Ice ship HMS Protector is heading for waters no Royal Navy vessel has visited in 80 years as she begins a marathon deployment to Antarctica. The Plymouth-based icebreaker and survey vessel will ensure the world’s fishermen are not stripping the largely-unspoiled waters of the Ross Sea of marine life.
This part of Antarctica – it’s where Norwegian explorer Roald Amundsen began his successful attempt to become the first person to reach the South Pole – has not seen a Royal Navy or UK Government vessel for around eight decades.
The sea contains valuable fish stocks and Protector will help to ensure fishing vessels comply with the strict environmental rules that ensure this remains a sustainable resource.
The Ross Sea lies around 2,000 miles from the ship’s normal survey area off the Antarctic Peninsula and the change of location for her work this winter means Protector is heading east, not south, visiting the Seychelles and Australia before heading down into the ice.
The ship has eight different ‘work packages’ planned in and around the frozen continent.
Those spells of intensive work, making use of the warmer temperatures and less inclement weather of the Austral summer, will focus on updating charts of the waters for the UK Hydrographic Office, monitoring wildlife and assisting the work of international inspectors who visit the numerous scientific bases peppered around Antarctic.
To support that varied work, the distinctive red-and-white ship carries small hi-tech survey motor launches which can conduct research where Protector herself cannot sail; a Royal Marines detachment, who provide both protection and also expertise in working in extreme temperatures; a specialist team of Royal Navy divers; and, for the first time, three tiny aircraft.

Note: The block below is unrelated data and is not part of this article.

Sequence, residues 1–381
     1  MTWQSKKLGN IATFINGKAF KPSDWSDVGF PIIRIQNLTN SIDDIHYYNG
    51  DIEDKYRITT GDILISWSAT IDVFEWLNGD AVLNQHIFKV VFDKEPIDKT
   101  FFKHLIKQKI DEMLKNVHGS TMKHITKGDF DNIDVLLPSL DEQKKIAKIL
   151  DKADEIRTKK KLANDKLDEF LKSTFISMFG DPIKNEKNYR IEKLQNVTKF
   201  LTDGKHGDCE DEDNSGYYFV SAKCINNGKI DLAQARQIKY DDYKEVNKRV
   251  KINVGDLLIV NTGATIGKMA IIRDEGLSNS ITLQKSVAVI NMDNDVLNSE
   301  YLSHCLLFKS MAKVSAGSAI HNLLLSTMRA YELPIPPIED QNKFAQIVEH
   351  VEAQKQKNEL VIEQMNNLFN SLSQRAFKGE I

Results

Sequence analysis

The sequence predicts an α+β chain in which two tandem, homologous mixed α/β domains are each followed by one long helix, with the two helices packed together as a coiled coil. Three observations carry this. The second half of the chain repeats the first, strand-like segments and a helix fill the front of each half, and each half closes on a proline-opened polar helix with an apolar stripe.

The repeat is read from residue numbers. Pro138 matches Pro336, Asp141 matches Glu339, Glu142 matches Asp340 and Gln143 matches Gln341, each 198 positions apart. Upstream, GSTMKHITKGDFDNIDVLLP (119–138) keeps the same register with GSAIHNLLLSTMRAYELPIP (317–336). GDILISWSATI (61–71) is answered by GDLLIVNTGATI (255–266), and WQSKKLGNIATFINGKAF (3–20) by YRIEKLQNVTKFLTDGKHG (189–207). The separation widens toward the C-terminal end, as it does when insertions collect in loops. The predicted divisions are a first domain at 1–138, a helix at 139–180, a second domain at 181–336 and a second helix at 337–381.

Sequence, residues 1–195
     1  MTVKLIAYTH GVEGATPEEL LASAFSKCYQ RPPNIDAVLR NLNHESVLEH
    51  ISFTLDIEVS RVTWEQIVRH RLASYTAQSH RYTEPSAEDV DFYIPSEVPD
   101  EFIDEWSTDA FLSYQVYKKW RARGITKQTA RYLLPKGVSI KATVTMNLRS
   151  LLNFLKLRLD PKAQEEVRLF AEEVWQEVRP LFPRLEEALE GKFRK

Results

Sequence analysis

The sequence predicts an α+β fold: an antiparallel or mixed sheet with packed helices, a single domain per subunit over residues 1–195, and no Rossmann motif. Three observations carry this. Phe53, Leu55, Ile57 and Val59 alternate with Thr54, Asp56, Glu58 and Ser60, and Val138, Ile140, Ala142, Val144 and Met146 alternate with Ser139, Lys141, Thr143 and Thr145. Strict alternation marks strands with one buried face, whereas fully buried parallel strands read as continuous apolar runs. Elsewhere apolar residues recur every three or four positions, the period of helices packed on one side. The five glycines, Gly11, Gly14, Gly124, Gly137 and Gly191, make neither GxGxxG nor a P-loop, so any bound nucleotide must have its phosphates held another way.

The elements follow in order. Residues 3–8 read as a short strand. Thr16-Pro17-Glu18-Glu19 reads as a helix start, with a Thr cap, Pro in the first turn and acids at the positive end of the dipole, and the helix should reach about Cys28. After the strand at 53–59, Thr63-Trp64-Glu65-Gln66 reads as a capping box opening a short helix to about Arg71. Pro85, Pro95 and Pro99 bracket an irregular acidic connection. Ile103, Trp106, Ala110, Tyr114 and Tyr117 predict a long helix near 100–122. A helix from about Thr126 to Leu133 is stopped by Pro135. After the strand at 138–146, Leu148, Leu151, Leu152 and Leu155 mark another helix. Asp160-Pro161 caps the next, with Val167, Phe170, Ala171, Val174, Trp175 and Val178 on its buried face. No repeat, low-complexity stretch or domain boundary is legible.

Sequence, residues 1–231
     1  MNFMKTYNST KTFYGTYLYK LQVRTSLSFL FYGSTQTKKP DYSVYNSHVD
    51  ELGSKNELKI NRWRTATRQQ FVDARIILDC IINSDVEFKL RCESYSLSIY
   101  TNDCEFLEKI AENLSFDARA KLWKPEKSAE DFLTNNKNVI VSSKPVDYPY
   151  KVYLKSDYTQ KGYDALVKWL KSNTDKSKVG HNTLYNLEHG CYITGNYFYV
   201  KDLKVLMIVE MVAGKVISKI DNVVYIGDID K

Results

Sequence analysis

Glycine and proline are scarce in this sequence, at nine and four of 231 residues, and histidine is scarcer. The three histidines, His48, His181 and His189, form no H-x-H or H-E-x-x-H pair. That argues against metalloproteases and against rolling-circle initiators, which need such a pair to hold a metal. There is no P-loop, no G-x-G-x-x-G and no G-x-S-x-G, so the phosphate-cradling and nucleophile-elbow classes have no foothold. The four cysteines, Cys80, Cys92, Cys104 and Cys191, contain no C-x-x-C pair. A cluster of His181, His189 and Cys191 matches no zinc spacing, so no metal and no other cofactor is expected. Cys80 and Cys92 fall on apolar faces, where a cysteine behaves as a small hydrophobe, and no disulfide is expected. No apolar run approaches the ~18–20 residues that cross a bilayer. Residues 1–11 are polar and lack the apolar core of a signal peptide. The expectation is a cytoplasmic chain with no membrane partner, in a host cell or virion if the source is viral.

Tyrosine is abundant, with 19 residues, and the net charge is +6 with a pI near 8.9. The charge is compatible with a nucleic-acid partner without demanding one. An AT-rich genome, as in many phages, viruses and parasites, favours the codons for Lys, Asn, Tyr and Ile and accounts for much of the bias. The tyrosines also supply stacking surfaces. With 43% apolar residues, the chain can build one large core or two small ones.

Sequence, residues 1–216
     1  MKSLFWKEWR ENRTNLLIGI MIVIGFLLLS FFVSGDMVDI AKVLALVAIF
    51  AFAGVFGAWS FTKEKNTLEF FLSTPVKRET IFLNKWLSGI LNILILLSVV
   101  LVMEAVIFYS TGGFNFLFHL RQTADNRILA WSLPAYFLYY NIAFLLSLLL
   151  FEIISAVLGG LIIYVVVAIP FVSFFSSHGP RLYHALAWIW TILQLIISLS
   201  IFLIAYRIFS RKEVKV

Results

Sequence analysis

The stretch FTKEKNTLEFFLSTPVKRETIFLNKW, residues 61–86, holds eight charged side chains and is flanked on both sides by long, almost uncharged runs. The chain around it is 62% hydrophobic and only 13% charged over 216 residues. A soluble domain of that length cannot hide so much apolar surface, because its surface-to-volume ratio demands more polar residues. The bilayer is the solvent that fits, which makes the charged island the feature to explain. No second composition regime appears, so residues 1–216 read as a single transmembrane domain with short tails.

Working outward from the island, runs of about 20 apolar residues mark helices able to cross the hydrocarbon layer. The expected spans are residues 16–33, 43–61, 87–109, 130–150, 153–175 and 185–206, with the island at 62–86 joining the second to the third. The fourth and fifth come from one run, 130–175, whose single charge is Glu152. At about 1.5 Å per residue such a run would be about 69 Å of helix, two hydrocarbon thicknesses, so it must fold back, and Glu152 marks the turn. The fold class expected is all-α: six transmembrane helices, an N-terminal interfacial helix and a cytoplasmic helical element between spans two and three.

Protector has been given three 3D-printed micro-aircraft, identical to one tested on board HMS Mersey earlier this year off the Dorset coast.
The brainchild of experts at the University of Southampton and controlled from a laptop on board, it cruises at nearly 60mph and is all but noiseless thanks to its tiny engine. Each one costs no more than £7,000 – cheaper than an hour’s flying time by a Fleet Air Arm helicopter.
Each micro-aircraft can fly for up to 30 minutes, recording video footage on a miniscule camera, before setting down in the icy waters or on the snow and ice where it will be picked up by Protector’s ship’s company.
“The battery and engine should not suffer too much in the cold and once it’s airborne, it can fly in surprisingly rough weather,” said Prof Keane.
Protector is due to be away from the UK for 20 months until the spring of 2017. One third of her crew – there are typically around 50 men and women aboard – rotates every few weeks to sustain the ship on operations.